WSP Golder wins contract for Faro Mine rehabilitationEngineering Environmental environmental Faro Golder lead Mining open pit PSPC Public Services and Procurement Canada remediation WSP zinc
During operations, it was one of the largest open-pit lead-zinc mines anywhere in the world.
Public Services and Procurement Canada (PSPC) has awarded a contract to WSP Golder for regulatory support services for the Faro Mine rehabilitation project.
“This complex remediation project represents one of the worst contaminated historic mine sites in all of Canada,” says Neil McQuitty, a senior vice-president (SVP) with WSP Golder, “but by working together with our project, community and government partners, we can positively contribute to the remediation.”
The mine is located in south-central Yukon, near the town of Faro, on the traditional territory of the Kaska Nations and upstream from Selkirk First Nation. During operations, it was one of the largest open-pit lead-zinc mines anywhere in the world.
When the mine’s owners declared bankruptcy and abandoned the site in 1998, they left behind 70 million tonnes of tailings and 320 million tonnes of waste rock. The project has a physical footprint of approximately 25 km2, roughly the size of the city of Victoria.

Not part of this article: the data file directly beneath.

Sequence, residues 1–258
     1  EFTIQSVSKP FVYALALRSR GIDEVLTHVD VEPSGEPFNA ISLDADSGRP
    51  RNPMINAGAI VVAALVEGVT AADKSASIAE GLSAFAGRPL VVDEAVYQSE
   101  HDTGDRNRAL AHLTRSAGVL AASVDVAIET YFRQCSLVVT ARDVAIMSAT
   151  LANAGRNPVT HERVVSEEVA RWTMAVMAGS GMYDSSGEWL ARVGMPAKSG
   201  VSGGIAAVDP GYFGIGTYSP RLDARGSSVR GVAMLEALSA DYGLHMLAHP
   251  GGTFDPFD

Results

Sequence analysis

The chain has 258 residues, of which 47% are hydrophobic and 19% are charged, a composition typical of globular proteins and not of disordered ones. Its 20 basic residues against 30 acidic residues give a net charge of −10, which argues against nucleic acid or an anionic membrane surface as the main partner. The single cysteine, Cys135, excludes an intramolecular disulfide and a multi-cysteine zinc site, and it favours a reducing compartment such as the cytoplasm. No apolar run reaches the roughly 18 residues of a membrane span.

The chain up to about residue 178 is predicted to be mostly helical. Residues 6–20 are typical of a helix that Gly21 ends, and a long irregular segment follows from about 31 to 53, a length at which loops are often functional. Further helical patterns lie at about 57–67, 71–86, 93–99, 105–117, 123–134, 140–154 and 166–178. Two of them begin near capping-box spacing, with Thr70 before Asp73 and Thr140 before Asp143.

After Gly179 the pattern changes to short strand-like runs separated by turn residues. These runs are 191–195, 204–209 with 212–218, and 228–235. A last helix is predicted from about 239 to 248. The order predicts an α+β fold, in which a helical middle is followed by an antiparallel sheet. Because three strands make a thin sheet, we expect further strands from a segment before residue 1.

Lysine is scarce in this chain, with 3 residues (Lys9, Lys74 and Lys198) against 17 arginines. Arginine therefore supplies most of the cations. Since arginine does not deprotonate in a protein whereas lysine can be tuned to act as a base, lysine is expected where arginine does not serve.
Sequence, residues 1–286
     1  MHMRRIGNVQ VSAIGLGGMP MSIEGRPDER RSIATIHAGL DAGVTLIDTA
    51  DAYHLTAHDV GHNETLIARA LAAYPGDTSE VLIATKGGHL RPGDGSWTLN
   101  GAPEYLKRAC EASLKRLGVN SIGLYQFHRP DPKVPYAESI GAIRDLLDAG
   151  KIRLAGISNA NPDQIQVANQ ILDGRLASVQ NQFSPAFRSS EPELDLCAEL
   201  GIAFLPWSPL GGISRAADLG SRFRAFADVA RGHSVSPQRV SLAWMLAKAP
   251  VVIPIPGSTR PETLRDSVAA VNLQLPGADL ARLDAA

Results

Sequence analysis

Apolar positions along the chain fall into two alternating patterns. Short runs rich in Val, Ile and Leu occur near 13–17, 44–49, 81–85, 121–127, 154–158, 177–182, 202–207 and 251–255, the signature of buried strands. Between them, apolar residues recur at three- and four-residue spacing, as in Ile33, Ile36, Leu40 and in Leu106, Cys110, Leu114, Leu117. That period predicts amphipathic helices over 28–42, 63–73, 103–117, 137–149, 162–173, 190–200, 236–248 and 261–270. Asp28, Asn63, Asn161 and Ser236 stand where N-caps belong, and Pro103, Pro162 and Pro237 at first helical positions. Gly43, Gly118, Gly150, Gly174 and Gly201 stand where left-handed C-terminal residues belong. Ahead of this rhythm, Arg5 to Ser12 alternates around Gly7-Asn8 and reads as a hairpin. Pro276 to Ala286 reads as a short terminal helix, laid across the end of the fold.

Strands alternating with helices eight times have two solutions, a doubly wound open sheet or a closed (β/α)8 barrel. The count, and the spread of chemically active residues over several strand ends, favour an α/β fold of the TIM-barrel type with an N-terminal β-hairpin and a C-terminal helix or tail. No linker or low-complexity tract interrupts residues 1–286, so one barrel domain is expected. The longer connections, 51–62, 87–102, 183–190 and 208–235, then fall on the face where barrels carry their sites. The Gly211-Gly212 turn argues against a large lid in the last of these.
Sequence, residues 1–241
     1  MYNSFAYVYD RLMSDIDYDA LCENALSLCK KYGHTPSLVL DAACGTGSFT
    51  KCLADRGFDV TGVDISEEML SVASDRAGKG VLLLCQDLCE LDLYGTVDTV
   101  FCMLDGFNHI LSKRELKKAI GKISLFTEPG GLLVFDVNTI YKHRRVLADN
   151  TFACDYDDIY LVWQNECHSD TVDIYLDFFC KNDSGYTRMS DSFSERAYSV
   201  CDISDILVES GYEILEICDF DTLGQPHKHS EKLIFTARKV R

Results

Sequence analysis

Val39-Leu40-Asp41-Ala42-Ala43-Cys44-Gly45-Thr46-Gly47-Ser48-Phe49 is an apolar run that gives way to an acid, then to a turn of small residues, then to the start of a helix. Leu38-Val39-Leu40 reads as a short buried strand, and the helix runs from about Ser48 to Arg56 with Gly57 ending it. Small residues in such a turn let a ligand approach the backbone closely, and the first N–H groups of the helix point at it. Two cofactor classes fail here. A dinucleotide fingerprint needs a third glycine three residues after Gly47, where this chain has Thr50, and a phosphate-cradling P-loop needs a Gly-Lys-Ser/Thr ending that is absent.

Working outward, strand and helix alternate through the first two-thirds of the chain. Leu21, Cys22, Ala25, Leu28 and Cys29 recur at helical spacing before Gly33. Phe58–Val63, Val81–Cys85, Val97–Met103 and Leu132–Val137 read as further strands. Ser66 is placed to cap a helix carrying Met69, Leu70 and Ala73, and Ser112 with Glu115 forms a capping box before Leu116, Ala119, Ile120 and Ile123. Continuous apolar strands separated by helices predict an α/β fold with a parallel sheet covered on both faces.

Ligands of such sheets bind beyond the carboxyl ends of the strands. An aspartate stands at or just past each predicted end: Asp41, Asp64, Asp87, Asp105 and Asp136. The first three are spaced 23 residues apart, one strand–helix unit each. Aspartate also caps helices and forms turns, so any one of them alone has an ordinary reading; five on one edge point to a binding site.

In 2018, the federal government took over responsibility for the care and maintenance of the site. Since then, there have been several actions to mitigate the risk the site’s environmental risks, including a realignment of the north fork of Rose Creek.
PSPC explains it has brought WSP Golder on-board for the purpose of “supporting Crown-Indigenous Relations and Northern Affairs Canada through the Yukon Environmental and Socio-Economic Assessment Board process with the screening, reporting and decision phases. The contract will also address the application and review process of a Water Licence and Fisheries Act Authorization for the remediation of the site.”
“This new contract allows our team to continue to build on the excellent work that has already taken place to ensure toxic materials from the site do not impact the surrounding communities and habitats,” says Andrew Haynes, WSP Golder’s SVP of mining.